How Social Considerations Improve the Equity and Effectiveness of Ecosystem Restoration

Related GLP Member: Sara Löfqvist, Fritz Kleinschroth, Adia Bey, Ariane de Bremond, Ruth DeFries, Jinwei Dong, Forrest Fleischman, Sharachchandra Lele, Dominic Andreas Martin, Peter Messerli, Patrick Meyfroidt, Marion Pfeifer, Navin Ramankutty, Jeanine Rhemtulla, Casey Ryan, Geoff Wells, Rachael Garrett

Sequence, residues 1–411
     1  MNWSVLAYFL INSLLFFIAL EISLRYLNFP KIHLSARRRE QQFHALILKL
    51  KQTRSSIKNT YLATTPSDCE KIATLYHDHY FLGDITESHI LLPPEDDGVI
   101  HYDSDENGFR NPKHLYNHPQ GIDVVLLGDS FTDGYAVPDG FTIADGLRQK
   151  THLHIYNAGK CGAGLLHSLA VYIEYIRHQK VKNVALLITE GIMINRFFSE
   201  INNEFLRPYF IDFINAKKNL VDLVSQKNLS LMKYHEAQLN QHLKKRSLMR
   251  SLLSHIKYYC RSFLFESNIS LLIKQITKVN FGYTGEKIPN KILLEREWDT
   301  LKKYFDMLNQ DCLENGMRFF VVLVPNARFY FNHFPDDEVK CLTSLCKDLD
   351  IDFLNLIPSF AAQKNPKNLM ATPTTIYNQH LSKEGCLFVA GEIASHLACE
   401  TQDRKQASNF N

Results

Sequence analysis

Ecosystem restoration is an important means to address global sustainability challenges. However, scientific and policy discourse often overlooks the social processes that influence the equity and effectiveness of restoration interventions. In the present article, we outline how social processes that are critical to restoration equity and effectiveness can be better incorporated in restoration science and policy. Drawing from existing case studies, we show how projects that align with local people's preferences and are implemented through inclusive governance are more likely to lead to improved social, ecological, and environmental outcomes. To underscore the importance of social considerations in restoration, we overlay existing global restoration priority maps, population, and the Human Development Index (HDI) to show that approximately 1.4 billion people, disproportionately belonging to groups with low HDI, live in areas identified by previous studies as being of high restoration priority. We conclude with five action points for science and policy to promote equity-centered restoration.